Competition plays a peripheral role at Let’s Move Sportz. Coaches of the coed flag-football league, which welcomes kids aged 5–12, emphasize sportsmanship and camaraderie instead. Above all else, they aim to keep kids active and healthy, giving words of encouragement as budding athletes—clad in NFL flag-football jerseys—tackle the basics of noncontact football.
Gui Melendez, a soccer instructor with more than 14 years of experience as a head coach of traveling and high school soccer teams, enjoys coaching soccer because it combines his love of teaching, working with children, and soccer. Along with fellow coach Oscar Caceres, Gui channels his soccer expertise and zeal into programs at Stars and Stripes Soccer Academy. Designed for girls and boys alike, the academy includes camps, clinics, and lessons for youth, middle school, and high school players of all skill levels. Through drills and scrimmages, Gui and Oscar's sessions cover the fundamentals any great soccer player should know, such as dribbling and placing a bullseye on the ref's back when he isn't looking.
Built around Dr. Sankofa’s Life Path Development Model, Zen Academy helps children excel both academically and physically. Instead of hosting study hall sessions, their after-school tutoring programs introduce children to their future passions, such as aviation, martial arts, or tennis. Educators with real career experience lead students through basic and intermediate lessons that not only cover the subject at hand, but also strengthen math, self-discipline, and reading comprehension skills along the way. Learning about air currents flowing over wings enriches students’ understanding of science, and fine-tuning their back swing inspires increased activity, reducing parents’ fears that kids will wind up in a fast food joint working as a box of french fries.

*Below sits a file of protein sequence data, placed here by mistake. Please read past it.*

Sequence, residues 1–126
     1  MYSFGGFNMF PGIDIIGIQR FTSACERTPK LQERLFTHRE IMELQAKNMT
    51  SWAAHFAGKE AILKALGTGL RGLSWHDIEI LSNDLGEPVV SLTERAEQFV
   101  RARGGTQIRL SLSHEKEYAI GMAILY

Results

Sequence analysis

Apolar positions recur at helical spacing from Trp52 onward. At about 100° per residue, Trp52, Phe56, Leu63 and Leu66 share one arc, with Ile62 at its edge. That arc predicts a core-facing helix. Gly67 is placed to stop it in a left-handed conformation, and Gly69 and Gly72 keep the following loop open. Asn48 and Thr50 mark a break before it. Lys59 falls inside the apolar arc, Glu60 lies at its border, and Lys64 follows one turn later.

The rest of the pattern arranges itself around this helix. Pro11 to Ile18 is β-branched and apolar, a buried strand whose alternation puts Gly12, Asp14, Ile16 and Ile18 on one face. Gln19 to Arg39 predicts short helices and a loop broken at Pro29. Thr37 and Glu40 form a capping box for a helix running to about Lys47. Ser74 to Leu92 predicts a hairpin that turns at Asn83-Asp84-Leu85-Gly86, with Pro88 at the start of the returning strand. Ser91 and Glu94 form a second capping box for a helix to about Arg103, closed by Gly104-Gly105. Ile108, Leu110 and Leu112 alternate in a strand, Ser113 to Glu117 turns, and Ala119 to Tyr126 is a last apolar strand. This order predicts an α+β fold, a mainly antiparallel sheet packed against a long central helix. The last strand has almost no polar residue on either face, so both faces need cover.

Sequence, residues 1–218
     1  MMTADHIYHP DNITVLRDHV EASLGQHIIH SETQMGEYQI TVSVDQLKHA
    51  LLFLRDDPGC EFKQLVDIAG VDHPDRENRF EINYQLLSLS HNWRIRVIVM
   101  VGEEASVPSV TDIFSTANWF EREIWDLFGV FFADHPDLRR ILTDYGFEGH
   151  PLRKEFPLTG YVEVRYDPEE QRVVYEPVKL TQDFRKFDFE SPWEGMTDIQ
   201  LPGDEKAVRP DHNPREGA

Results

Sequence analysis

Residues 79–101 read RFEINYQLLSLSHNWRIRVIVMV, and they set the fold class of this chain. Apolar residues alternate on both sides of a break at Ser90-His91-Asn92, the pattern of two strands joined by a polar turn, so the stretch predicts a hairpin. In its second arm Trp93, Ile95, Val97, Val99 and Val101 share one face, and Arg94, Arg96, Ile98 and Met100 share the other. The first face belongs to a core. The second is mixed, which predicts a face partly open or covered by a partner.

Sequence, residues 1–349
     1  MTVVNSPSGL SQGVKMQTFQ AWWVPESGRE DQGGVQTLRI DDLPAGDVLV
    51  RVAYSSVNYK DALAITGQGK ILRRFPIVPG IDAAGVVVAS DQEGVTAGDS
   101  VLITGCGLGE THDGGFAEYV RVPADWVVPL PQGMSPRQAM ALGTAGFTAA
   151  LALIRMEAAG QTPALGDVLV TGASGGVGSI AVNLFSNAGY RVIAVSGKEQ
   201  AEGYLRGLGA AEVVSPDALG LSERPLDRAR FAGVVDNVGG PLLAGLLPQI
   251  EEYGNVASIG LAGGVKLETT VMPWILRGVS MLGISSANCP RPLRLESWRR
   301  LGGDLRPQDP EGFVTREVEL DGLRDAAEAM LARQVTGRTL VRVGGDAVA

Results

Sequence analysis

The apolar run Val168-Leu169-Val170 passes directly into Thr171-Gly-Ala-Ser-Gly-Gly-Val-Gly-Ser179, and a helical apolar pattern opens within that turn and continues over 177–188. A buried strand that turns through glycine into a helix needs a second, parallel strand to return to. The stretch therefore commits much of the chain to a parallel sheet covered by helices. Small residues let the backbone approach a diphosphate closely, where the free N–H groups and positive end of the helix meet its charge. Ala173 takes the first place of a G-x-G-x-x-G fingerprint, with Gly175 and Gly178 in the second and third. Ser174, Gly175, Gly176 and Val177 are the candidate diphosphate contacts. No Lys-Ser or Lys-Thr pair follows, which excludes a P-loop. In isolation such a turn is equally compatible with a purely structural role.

Since 1971, Maryland Youth Ballet's team of trained instructors has helped both amateur dancers and aspiring Baryshnikovs hone their skills with a range of comprehensive classes. True beginners can begin their swan transformations during the introductory series, which covers fundamental barre exercises and promotes proper alignment, molting, and musicality. More experienced students can drop into one of the studio's ongoing sessions that range from jazz- and Broadway-style routines to Horton-based modern movement. Adult classes are open to ages 13 and older, and all participants must bring their own ballet flats or oversize bunny slippers.
“A synthetic turf-covered love letter to Washington.” That’s what Fritz Hahn of the Washington Post had to say about H Street Country Club after visiting the nearly 7,000-square-foot bar at the heart of the Atlas District. Yet Hahn wasn’t talking about the eatery’s decadent food; he was commenting on the space's devilishly tricky indoor golf course. During each nine-hole outing—for adults 21+—putters encounter the Lincoln Theatre, Ben’s Chili Bowl, and the titanic grasping hands of a half-submerged Marion Barry. As if a trip to the links wasn’t enough to work up an appetite, the entire first floor of H Street tempts gamers with skee-ball, shuffleboard, and wall-vs-human staring contests—all within an arm’s reach of margaritas, mojitos, and other specialty drinks.
Upstairs, a glass panel filled with retired golf balls gazes out over artist and contributing decorator Lee T. Wheeler’s talents, which alight upon everything from the sculptures crafted from repurposed birdhouses to the bar’s cushy lounge seating. The design sets the stage for executive chef Pablo Cardoso’s upscale take on classic Mexican food, with tables welcoming grilled skirt steak splayed over "cowboy" beans, a half chicken paired with yuca, and fajitas stuffed with still-sizzling shrimp. For dessert, the chef stuffs crisp empanadas with sweet mangoes, topping the confection with creamy ice cream and a note to get out of gym class for a week.
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